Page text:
What would you give to have whiter teeth? Most people are willing to sacrifice some money and perhaps a couple of afternoons in the dentist's chair in order to achieve the bright, white smiles of their dreams. But one thing you certainly should not sacrifice is the health of your teeth. If you're not careful when it comes to whitening your teeth, you might end up with enamel damage, tooth sensitivity, or other problems. Having white teeth isn't worth it if it gives you several cavities or leads to an inability to eat ice cream ever again, is it? Follow these dos and don'ts to ensure you're whitening your teeth safely.
Do: Consult with your dentist before using an over-the-counter bleaching product.
For the majority of patients, over-the-counter (OTC) bleaching products are safe to use, as long as you follow the instructions on the label. But there are some patients for whom these products cause problems like tooth pain and sensitivity. Usually, this happens if your enamel is already weakened or if you have untreated cavities. So, instead of crossing your fingers and hoping you're not one of the few who suffers after using an OTC whitening gel or whitening strip, follow the American Dental Association's advice and check with your dentist first. They can examine your enamel and confirm whether your teeth are healthy enough to use these whitening products safely.
Do: Use one whitening product at a time.
Once your dentist gives you the go-ahead on using whitening products, make sure you stick to just one at a time. For instance, you don't want to use whitening strips, paint-on whitening gel, and whitening toothpaste all within a few days. Choose a method you feel comfortable with, and stick with it for the period of time recommended on the label. If it's not working, then switch to a different product or talk to your dentist about more advanced, in-office whitening treatments. But don't start using a whitening mouthwash on top of a gel on top of whitening strips because one method alone was not effective.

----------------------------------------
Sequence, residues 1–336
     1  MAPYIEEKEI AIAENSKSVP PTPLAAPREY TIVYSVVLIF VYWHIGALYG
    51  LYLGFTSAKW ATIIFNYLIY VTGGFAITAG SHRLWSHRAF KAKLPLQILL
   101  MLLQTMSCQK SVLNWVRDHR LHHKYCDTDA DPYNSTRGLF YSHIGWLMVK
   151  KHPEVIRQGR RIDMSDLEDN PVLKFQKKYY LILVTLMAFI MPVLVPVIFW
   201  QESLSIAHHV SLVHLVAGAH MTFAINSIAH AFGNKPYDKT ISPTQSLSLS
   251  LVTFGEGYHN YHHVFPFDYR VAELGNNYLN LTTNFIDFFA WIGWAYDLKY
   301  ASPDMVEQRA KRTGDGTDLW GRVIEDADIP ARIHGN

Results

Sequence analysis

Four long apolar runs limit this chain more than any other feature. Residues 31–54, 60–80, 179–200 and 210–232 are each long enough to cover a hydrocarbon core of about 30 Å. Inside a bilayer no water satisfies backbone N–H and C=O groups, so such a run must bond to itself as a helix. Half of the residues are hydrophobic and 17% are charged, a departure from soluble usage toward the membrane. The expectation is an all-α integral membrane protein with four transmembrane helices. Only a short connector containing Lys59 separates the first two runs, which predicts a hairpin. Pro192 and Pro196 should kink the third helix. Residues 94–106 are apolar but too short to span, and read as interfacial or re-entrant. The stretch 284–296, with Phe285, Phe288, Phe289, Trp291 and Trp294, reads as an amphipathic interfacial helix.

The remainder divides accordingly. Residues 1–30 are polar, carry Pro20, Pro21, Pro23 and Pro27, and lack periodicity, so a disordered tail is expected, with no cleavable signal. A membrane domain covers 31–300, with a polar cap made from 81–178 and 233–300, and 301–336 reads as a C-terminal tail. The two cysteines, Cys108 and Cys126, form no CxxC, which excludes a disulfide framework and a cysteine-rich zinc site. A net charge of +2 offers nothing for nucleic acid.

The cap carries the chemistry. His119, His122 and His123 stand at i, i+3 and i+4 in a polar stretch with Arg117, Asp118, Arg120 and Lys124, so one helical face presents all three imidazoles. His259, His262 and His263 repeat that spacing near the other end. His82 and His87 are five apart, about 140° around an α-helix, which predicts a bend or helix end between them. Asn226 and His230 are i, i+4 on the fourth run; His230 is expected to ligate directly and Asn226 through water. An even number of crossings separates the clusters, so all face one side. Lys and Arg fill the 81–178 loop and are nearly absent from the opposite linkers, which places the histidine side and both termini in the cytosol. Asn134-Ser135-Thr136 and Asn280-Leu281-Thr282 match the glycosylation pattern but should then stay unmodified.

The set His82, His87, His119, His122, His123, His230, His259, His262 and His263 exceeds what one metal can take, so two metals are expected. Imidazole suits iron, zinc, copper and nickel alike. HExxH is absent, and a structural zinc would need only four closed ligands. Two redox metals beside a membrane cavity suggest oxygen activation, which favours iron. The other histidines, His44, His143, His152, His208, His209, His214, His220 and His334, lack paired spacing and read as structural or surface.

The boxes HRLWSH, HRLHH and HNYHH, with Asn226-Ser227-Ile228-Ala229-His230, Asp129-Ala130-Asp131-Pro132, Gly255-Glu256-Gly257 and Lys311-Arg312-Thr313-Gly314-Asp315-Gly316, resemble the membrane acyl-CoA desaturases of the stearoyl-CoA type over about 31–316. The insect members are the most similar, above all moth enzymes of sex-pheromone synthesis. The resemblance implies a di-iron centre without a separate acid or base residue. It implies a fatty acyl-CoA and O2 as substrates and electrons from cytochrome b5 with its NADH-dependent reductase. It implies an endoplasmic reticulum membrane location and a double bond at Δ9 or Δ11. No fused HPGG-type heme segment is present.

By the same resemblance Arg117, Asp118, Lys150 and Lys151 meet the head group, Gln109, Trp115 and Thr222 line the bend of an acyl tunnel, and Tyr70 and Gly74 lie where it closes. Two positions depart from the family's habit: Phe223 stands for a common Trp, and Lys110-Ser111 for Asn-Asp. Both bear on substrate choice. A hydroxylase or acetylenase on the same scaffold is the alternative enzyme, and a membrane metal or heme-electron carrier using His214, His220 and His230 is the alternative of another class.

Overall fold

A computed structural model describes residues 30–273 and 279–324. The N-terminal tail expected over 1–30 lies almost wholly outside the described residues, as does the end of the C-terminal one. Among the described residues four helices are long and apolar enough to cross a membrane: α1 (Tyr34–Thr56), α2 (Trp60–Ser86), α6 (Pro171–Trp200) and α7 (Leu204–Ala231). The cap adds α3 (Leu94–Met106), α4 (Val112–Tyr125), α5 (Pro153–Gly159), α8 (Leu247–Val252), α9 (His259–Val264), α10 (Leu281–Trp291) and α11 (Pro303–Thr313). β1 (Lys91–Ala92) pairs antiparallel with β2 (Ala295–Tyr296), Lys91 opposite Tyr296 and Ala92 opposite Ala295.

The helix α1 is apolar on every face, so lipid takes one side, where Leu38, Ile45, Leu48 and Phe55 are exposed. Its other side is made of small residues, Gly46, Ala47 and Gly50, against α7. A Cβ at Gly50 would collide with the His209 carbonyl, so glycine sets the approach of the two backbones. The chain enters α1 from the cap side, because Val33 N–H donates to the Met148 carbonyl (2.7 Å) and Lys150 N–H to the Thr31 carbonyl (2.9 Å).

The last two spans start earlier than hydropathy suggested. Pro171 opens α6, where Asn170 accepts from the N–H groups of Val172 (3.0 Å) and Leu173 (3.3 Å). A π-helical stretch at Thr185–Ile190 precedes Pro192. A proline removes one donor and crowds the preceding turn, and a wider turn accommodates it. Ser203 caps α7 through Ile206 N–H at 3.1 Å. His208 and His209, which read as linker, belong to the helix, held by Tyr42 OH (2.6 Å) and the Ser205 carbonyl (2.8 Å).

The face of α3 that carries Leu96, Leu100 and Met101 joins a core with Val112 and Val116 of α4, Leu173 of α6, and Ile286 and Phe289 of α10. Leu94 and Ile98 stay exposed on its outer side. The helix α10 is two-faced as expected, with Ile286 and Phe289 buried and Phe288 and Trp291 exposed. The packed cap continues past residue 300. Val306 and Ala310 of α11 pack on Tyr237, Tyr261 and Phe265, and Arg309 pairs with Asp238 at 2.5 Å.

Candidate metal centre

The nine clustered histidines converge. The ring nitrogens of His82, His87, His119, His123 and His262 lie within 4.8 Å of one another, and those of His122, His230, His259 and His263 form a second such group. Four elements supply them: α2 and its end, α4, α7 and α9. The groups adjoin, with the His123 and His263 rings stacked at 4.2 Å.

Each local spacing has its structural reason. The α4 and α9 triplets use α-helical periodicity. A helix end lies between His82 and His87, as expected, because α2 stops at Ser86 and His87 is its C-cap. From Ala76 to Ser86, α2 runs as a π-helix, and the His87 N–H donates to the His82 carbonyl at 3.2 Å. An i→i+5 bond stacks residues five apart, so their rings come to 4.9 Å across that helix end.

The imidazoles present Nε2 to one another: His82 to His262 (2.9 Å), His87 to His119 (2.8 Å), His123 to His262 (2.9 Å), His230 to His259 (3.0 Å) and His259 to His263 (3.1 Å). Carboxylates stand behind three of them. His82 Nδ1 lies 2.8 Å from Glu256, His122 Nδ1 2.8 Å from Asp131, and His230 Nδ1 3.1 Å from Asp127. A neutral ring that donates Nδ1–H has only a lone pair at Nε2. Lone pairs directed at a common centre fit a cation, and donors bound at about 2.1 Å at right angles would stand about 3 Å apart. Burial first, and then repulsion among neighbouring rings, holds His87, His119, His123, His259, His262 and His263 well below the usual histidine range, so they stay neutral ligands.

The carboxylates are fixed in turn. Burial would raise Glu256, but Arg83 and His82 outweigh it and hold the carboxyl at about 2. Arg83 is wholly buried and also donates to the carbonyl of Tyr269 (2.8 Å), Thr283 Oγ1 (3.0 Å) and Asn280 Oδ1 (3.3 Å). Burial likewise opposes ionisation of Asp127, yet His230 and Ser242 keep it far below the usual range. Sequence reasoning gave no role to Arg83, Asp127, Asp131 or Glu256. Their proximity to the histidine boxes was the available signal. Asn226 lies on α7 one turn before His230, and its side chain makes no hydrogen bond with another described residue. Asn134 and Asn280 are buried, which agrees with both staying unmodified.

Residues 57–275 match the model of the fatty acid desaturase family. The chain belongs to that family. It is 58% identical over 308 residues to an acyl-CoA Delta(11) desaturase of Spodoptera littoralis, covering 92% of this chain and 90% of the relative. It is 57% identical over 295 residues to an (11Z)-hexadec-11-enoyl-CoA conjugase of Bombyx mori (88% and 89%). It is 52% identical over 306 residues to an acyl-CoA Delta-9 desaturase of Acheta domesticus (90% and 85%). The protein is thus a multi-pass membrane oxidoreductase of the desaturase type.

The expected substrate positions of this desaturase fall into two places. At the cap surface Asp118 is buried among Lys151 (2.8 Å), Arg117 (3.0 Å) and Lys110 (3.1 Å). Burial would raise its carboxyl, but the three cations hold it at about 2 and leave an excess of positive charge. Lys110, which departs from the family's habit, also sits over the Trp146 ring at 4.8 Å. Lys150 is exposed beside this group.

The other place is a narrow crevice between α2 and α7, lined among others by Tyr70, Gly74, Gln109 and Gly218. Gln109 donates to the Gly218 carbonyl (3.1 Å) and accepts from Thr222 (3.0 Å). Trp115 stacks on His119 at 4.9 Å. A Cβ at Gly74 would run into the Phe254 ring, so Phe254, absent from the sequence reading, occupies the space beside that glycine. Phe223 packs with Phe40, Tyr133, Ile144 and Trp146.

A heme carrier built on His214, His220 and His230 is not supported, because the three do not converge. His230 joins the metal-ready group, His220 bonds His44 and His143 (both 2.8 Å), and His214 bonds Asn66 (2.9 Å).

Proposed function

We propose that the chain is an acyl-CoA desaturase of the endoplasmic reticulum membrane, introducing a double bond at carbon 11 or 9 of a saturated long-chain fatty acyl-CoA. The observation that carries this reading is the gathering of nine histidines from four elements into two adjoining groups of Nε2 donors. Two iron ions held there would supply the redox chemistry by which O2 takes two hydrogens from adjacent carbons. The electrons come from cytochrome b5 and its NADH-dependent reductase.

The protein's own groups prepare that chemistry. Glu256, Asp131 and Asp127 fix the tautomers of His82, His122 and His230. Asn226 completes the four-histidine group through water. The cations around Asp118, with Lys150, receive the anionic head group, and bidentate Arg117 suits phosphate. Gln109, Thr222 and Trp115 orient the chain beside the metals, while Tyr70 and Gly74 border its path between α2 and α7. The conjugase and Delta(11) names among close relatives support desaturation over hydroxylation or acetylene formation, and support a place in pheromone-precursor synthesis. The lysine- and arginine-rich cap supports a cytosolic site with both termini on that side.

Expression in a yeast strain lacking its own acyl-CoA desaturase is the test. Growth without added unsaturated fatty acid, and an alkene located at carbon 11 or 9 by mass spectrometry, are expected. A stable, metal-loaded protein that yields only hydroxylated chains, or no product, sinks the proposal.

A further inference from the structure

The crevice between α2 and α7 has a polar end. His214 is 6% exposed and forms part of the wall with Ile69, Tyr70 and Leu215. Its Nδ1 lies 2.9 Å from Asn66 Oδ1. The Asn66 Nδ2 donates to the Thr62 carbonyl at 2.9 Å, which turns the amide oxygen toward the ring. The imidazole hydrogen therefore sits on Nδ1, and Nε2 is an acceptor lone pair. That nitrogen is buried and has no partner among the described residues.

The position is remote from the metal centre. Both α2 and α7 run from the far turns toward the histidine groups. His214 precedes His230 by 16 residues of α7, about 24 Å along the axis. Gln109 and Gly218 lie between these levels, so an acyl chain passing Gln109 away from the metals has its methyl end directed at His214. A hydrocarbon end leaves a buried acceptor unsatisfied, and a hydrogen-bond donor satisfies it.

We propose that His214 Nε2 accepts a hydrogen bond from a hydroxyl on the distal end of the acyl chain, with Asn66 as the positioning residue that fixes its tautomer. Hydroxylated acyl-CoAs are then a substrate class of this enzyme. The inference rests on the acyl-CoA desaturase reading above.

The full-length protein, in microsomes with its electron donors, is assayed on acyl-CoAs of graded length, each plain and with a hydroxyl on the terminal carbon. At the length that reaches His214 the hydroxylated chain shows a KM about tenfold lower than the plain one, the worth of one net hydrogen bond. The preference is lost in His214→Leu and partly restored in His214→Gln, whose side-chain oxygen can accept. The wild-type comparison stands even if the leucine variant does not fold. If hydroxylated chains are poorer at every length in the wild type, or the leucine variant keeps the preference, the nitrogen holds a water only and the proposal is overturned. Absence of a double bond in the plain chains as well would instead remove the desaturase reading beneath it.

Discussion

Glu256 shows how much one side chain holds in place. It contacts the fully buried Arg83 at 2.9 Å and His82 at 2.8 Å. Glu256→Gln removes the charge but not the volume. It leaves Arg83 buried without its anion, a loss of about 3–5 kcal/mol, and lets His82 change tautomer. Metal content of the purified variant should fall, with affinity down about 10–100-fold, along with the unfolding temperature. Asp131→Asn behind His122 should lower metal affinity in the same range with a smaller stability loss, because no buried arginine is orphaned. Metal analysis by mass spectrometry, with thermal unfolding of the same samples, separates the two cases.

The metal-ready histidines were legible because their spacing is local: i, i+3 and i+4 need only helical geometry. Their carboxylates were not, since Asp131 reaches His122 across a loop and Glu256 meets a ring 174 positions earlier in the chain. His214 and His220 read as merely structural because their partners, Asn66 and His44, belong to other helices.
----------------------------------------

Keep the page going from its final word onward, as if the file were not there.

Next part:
Don't: Create your own whitening products.
You've probably seen articles online teaching you how to make your own peroxide-based tooth whitening solution or how to make your own whitening toothpaste. While some of these recipes may well be effective and safe, there's really no way to verify this. These homemade concoctions have not been tested and approved by the ADA. They may cause problems down the road -- there's really no way to know. You don't want to find out that your favorite natural health blogger was wrong when your teeth start screaming with pain at 2 am, so stick with ADA-recommended products unless your dentist tells you otherwise.
Don't: Have your teeth whitened at a kiosk in the mall.
Those whitening shops in the mall may look official, but they're not actually manned by dentists or even dental hygienists. News outlets have investigated and have found that they basically offer the same whitening products you can purchase for over-the-counter use -- not the stronger products your dentist is licensed to use. And since the employees in the mall whitening kiosks do not have dental degrees, they can't tell whether your teeth are healthy enough for treatment. If you have weak enamel or some other condition that would make you a poor candidate for whitening and undergo treatment at the mall, you could be opening yourself up to long-term side effects like tooth sensitivity, gum irritation, and advanced tooth decay.
Tooth whitening products can be excellent for helping you achieve a more attractive smile. Follow the guidelines above, and your teeth will stay healthy -- as well as white. For more information, talk to a cosmetic dentist at a dental office like Dr. Jerry F. Maymi & Associates.Share